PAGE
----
Away v Salmagundi Gardeners – Won by 43 runs

Hackey Downs – close to the pub The Star By Hackney Downs on Queensdown Road

An artificial pitch so no spikes when batting

Many thanks to our opposition for this match report;

21 April: Graces

Summer is here! But let’s qualify that … it’s the first day of our cricket season. And that was postponed by one day as intrepid match fixer (in the better sense of the word) Richard Higginbottom secured a game on Hackney Downs Park to replace the rained off event at Knebworth originally scheduled for the Saturday. This meant a deal of shuffling the pack in terms of players, but at least we’re up and running. Richard won the toss and took the option to bowl; the wicket is artificial, the grass is ankle deep though the boundary is short. The temperature is f…. cold, and I don’t mean ‘fairly’.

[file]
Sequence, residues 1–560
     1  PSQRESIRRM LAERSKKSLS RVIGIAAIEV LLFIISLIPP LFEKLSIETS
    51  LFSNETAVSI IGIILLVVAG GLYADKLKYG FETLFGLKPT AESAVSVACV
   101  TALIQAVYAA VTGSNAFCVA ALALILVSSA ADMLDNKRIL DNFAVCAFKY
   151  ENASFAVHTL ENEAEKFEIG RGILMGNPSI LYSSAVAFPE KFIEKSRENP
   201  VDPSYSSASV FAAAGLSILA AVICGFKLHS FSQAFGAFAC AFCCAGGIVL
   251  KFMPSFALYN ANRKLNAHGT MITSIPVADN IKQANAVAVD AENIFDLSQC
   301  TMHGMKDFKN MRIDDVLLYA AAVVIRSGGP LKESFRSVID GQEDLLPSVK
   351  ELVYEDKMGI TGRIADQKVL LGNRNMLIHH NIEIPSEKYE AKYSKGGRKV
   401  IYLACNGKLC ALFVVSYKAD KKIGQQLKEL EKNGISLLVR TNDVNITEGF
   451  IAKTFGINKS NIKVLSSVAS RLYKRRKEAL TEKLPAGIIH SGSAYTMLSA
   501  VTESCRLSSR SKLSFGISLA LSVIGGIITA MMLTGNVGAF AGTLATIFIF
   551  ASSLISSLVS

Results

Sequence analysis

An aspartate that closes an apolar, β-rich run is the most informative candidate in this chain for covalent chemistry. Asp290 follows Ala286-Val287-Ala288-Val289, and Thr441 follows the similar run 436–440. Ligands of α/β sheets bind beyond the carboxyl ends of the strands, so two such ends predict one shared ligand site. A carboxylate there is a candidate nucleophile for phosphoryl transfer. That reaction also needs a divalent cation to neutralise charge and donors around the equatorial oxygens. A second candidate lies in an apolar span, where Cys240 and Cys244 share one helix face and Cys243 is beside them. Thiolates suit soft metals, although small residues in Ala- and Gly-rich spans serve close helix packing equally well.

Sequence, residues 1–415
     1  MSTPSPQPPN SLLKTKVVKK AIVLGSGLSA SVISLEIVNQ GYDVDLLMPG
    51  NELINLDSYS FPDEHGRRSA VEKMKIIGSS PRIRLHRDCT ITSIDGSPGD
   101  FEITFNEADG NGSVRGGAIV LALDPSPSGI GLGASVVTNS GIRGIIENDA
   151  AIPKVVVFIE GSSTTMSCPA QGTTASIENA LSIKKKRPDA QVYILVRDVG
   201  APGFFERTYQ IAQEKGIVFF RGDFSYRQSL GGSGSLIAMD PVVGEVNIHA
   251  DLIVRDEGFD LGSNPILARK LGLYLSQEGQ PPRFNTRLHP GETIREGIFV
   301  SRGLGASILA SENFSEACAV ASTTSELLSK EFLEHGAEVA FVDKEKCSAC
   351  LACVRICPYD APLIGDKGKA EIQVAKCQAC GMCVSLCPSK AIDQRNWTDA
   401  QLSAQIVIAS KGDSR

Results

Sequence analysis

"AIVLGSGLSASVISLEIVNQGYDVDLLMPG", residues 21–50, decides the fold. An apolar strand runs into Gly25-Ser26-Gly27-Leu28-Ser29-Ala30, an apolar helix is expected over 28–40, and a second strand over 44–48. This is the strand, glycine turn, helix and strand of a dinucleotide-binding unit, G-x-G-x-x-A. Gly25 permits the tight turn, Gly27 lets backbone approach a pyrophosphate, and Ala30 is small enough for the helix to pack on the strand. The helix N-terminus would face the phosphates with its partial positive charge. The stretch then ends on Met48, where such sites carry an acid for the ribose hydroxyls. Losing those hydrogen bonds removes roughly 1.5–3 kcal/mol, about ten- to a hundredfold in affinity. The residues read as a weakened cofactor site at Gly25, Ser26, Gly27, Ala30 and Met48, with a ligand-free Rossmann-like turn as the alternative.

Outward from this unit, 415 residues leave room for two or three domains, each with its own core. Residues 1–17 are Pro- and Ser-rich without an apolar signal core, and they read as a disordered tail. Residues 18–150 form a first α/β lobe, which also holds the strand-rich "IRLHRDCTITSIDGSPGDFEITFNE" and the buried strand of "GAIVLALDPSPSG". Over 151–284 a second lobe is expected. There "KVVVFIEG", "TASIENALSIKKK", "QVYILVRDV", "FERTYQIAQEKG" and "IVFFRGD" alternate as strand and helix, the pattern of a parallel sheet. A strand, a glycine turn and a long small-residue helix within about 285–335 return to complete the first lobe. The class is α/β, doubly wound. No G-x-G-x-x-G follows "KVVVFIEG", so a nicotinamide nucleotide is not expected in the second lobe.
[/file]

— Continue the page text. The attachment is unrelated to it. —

Shubham Kasar looks like he has been bowling all Winter as he immediately got into his customary immaculate line and length, providing our opening wicket of the season as Earl spooned up a straightforward return catch that the Sultan of Swing was delighted to pouch. Alfie Arrand had experienced a dreadful Saturday night involving being relieved of a number of his possessions on a train and I thank him warmly for his fortitude in getting to the match. Understandably it took him a while to find his rhythm, so let’s talk more about Shubham’s second over, one of the best in Gardeners’ history.

The Great Over

The first ball nipped away off the seam leaving Leydon prodding thin air, the next got an inside edge onto the pad and the third had the batsman chipping the ball around to square leg where Stuart Bruce made ground sharply to his right, enabling a spectacular one handed catch. The fourth ball brought in Page, who had driven 90 miles to partake, only to receive a devastating inswinging yorker to make his journey distressingly pointless. The Hat Trick attempt swung slightly too much and cannoned into Buckner’s front pad but the final delivery of the over swung from off to middle stump and upon landing kicked away again to knock back off stump. Sublime…your correspondent was keeping wicket and this was an over to be remembered forever in the Salmagundi archive.